I started studying subversive books way back in September with the plan to cover lack of parental supervision, nudity, and scariness. I thought scary would be easy. But then over the course of the last few weeks, my living room turned into a Booknado!
I considered Lion vs. Rabbit (Alex Latimer) because bullying is scary and Extra Yarn (Mac Barnett, Jon Klassen) because an archduke breaking into your house is scary. Vampire Baby (Kelly Bennett, Paul Meisel) seemed like a sure thing, but it's just too darn cute.
I interviewed my 4yo over juice boxes.
"Is Tiger in My Soup* scary?"
"I give it one dot of scary."
Geesh. Even my kid has her own rating scale for scariness and tigers roaring apparently rate low.
(*Kashmira Sheth, Jeffrey Ebbeler)
I entered a state of I-don't-know-what's-scary paralysis!!
So I decided to focus on what scares me the most:
1. The Dark
2. Scary Creatures
3. Mortal Danger
4. Real Life
Making it dark is an immediate way to add a sense of fear to a picture book, so lets face that fear first!
(There's a Nightmare in my Closet, by Mercer Mayer)
Nighttime rooms are dark, closets in nighttime rooms are even darker, and worries of what might lurk in the closet are the darkest. When a brave little boy confronts the nightmare in his closet, he has to think fast when he makes the monster cry. Tucking the nightmare in his own bed seems to be a good way to keep other nightmares away.
(Ten Moonstruck Piglets, by Lindsay Lee Johnson, illustrated by Carll Cneut)
As a parent, imagining my piglets sneaking out to explore the moonlight really freaks me out. But the piglets don't seem to realize the danger they are in until clouds cover the moonlight and darkness surrounds them. Once owls hoot and foxes prowl the little piglets howl for mama.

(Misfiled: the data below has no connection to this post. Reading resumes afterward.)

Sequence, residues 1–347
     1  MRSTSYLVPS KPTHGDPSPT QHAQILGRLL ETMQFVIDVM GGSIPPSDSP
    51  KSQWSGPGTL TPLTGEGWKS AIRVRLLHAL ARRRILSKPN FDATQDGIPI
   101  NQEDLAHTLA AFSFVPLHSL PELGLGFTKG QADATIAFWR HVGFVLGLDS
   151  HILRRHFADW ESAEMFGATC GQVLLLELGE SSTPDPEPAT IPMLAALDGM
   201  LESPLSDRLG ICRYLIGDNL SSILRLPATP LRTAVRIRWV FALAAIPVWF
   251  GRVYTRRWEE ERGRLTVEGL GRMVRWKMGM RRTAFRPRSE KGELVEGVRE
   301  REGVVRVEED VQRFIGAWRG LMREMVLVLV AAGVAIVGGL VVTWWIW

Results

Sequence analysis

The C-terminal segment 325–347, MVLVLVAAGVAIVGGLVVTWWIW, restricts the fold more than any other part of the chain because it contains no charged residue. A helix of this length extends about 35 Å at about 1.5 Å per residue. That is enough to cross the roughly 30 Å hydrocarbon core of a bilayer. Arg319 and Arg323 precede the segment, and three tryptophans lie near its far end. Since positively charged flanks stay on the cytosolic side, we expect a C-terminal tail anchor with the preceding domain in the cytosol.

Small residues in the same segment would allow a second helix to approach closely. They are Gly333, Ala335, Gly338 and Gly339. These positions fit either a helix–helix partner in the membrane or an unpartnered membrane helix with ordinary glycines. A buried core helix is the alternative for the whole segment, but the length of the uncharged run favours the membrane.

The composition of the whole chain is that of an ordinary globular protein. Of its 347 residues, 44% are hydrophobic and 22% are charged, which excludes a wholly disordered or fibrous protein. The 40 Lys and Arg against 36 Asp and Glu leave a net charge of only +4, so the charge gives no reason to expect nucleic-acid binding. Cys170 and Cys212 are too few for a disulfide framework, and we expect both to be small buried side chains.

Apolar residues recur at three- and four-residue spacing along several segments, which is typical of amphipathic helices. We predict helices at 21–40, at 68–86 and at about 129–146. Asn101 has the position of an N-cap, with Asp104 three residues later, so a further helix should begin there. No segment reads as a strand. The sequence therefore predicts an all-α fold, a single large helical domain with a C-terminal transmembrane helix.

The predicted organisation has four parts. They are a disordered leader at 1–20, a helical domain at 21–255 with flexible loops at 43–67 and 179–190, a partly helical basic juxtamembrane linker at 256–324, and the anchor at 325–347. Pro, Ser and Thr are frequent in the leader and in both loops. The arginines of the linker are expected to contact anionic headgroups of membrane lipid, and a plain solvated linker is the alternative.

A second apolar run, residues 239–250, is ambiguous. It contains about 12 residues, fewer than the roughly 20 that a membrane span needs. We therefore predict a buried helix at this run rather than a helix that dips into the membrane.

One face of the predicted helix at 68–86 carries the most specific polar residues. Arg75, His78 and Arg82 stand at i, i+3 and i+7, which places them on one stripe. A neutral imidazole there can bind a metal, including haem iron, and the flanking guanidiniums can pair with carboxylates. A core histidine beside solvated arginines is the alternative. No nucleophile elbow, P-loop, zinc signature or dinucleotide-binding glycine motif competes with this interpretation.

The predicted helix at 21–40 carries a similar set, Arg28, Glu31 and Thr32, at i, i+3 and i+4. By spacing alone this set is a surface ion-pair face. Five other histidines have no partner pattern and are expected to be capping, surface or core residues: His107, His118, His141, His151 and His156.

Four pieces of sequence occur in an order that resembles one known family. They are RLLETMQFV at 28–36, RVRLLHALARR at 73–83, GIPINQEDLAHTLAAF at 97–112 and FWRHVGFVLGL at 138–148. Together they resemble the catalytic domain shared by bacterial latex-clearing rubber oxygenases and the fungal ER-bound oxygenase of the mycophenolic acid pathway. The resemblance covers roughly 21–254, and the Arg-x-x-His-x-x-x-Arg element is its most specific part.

""It's dark," he said. "I think I might be lost," he said.""
(Too Noisy, by Malachy Doyle and Ed Vere)
Sam Bungle heads into the woods to escape his too noisy family and enjoy some quiet, serene nature. Which is lovely until it gets dark. Then creep crawly things and glowing eyes and slithery things are all he can find in the deep dark woods. Luckily his too noisy family is out looking for him.
"Lazslo was afraid of the dark."
(The Dark, by Lemony Snicket, illustrated by Jon Klassen)
Lazslo hopes the dark won't come into his room. But he has to face the dark to get a critical weapon in dark-prevention: a lightbulb. In this book the dark is threatening and real and capable of speech. Good for kids with a fear of the dark, though it mostly just scared me and reminded me to always have a healthy stock of lightbulbs.
"That tiger looks ferocious, Felix thought."
(Dark Night, by Dorothee De Monfried)
Felix's walk through the dark goes from bad to worse to oh crap when he sees a wolf...who is scared off by a tiger...who is scared off by a crocodile! A helpful bunny shows Felix how to become scary to safely make it home.
I have to admit, these books always fill with relief - the dark isn't that scary! But once I close the books and kiss little foreheads and quietly close the door except for a crack, I still run up the dark steps as fast as I can and jump into bed to avoid the outstretched arms of the monsters under my bed.
Do you have other recommendations for books about the oh so scary DARK? Please let me know in the comments!